for 23 years. He was assistant professor from 1949 to 1958, associate professor
from 1958 to 1963, and professor from 1963 to 1972. In 1958, Roscoe received the
Ph.D. in History from the
of North Carolina. His
specialty was modern European history, and his doctoral dissertation was
at the Paris Peace Conference, 1919.
In 1959, Roscoe was a charter
member of the local Civitan Club, and he served as its president in 1962. He
also helped to organize the Rutherford County Republican Party in the 1960s and
served a term as its chairman. He actively worked for Republican candidates
running for political office, and he helped organize the first Republican Party
primary in Rutherford County. In 1966, he helped organize the
MTSU Faculty Senate and served as its first president. He was also president of
the local chapter of the American Association of University Professors. He was a
member of St. Mark's United
Church, a member of Stones River Country Club, and
he served on the board of the Tennessee Council on Human Relations in the late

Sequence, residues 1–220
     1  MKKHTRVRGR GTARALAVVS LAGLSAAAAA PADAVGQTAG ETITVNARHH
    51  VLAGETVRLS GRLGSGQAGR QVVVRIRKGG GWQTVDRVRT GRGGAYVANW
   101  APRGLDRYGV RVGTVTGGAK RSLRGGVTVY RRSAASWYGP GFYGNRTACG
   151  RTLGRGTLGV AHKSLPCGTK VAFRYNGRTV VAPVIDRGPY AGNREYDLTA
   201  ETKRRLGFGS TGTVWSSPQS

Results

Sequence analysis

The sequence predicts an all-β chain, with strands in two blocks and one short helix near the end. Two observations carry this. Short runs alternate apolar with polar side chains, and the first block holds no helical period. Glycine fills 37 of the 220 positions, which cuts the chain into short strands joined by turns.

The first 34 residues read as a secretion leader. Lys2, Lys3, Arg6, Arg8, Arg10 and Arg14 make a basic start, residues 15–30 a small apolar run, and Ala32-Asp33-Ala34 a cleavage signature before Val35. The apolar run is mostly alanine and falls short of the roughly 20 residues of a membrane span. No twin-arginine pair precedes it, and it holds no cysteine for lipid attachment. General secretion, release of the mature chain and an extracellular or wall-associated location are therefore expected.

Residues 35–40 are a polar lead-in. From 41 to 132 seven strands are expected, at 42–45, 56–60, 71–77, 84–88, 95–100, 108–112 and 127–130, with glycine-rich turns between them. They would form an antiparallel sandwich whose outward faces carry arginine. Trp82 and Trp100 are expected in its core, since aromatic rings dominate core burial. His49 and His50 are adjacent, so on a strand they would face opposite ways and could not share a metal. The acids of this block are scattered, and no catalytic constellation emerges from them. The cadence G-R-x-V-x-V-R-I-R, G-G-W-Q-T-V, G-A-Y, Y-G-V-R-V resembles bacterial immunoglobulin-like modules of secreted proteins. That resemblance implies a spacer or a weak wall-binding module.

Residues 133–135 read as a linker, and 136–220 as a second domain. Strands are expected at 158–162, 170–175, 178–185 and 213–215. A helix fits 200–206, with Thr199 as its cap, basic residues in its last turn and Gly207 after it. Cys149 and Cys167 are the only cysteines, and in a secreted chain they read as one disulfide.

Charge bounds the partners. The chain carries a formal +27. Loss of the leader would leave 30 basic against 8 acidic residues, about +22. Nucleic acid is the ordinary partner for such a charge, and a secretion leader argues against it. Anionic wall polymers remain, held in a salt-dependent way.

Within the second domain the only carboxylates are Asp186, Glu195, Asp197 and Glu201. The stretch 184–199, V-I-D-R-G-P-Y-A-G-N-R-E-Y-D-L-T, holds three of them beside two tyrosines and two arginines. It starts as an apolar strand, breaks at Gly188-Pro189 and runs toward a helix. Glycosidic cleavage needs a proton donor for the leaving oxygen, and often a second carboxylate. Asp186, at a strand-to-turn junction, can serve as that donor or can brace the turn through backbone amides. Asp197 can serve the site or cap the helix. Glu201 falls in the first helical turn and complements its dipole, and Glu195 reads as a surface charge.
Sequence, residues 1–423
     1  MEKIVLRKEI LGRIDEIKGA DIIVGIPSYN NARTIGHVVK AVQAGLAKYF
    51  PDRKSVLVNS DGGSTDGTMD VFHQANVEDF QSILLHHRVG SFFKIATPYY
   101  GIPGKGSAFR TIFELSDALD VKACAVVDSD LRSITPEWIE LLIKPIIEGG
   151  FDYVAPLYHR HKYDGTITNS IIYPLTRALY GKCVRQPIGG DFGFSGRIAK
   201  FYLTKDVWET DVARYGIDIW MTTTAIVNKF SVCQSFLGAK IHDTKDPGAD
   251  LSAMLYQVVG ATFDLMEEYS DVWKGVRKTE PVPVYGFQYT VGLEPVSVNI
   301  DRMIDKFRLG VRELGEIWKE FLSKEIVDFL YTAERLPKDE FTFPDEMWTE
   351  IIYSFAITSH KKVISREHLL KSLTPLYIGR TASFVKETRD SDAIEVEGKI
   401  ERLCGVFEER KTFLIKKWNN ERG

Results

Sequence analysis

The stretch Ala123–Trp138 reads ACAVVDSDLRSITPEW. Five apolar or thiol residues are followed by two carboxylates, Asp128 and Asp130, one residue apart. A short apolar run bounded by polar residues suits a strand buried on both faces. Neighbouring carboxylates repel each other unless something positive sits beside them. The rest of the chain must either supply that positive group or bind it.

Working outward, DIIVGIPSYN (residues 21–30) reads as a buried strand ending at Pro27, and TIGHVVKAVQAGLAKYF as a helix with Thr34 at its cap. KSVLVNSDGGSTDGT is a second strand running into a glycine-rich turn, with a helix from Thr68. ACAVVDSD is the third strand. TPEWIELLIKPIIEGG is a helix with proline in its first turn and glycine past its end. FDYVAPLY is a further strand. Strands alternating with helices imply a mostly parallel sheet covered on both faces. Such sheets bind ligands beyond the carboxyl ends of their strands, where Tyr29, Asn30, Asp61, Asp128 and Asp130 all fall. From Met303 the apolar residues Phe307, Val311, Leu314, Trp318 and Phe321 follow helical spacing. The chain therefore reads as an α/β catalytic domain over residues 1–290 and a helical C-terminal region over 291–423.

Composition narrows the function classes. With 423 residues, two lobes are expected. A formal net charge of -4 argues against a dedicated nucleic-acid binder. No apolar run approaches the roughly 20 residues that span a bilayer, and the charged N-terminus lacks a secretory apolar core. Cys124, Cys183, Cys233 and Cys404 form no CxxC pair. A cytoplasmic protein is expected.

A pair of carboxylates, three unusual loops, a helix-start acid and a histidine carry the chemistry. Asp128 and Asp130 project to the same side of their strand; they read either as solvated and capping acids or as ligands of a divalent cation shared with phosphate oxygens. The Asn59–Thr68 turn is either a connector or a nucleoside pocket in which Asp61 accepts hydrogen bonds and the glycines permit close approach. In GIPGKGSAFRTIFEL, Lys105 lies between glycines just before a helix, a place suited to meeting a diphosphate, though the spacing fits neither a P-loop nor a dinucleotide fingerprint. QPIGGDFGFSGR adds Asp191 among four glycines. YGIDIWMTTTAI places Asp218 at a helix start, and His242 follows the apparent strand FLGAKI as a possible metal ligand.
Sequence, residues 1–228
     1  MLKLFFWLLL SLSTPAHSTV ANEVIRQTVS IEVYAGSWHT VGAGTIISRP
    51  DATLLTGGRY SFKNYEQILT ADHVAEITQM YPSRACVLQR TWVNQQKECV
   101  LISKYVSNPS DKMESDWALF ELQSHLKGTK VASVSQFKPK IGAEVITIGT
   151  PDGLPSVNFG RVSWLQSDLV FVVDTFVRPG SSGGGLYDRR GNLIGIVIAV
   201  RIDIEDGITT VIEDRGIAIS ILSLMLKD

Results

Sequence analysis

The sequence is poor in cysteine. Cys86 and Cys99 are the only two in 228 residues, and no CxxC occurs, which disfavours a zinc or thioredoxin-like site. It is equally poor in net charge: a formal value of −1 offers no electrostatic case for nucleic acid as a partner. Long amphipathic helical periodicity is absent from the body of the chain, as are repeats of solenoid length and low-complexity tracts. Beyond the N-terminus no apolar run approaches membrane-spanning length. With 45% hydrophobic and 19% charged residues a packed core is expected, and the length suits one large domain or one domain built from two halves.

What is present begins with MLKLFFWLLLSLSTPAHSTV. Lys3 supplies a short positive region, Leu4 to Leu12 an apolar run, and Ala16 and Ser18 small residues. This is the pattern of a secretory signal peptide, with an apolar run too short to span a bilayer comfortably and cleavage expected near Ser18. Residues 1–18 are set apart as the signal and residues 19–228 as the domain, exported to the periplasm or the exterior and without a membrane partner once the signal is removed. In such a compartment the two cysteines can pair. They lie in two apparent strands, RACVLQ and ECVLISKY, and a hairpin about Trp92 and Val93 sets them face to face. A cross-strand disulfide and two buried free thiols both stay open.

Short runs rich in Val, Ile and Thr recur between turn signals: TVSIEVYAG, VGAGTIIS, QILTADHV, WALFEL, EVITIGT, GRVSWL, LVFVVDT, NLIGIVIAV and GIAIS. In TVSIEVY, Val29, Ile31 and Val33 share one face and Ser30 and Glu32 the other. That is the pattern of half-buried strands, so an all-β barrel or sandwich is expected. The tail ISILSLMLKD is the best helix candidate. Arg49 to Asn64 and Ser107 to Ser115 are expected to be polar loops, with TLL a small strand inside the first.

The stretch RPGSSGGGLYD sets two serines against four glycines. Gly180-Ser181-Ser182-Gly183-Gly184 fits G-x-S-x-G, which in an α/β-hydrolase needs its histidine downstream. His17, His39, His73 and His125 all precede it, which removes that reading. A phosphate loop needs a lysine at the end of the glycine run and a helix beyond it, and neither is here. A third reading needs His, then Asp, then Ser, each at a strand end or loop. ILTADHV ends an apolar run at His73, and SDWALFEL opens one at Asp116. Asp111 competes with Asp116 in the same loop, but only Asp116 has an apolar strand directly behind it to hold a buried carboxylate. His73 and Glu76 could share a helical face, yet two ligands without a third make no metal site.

1960s. In 1971, he was named to the roster of Outstanding Educators of America.
the mid 1960s, Roscoe and Lucy were the chief plaintiffs in a successful
lawsuit, "Strickland v. Burns" (T. P. Burns was chairman of the school board),
filed in the United States District Court in Nashville, Tennessee, against the
Rutherford County School Board for reapportionment based on the precept "one
man, one vote" (Reynolds v. Sims, 1964). Until then, the school board members
were, at least in practice, representing individual county schools instead of
the population as a whole. The city of Murfreesboro contained more than
one-third of the total population of the county, but it had only one of eleven
members on the board. Some schools got new gymnasiums, laboratories, etc. while
others were overlooked. After the lawsuit and subsequent reapportioned district
elections, the new members of the board were better able to make decisions based
on what was best for the educational program of the entire community.
In 1972, Roscoe moved his family to Buena Vista, Virginia,
where he served as president of Southern Seminary Junior College Women
(later renamed Southern Virginia University) from 1972 to 1976. In 1972, the 200 year
old house at Hardscrabble was listed in the National Register of Historic
Places. Roscoe had the house restored, and he and Lucy moved there upon his
retirement in 1976.
While living at Hardscrabble, Roscoe served as
president for four years of the Hillsborough Historical Society, treasurer for
many years of the HHS, and editor of the HHS Newsletter. He also served as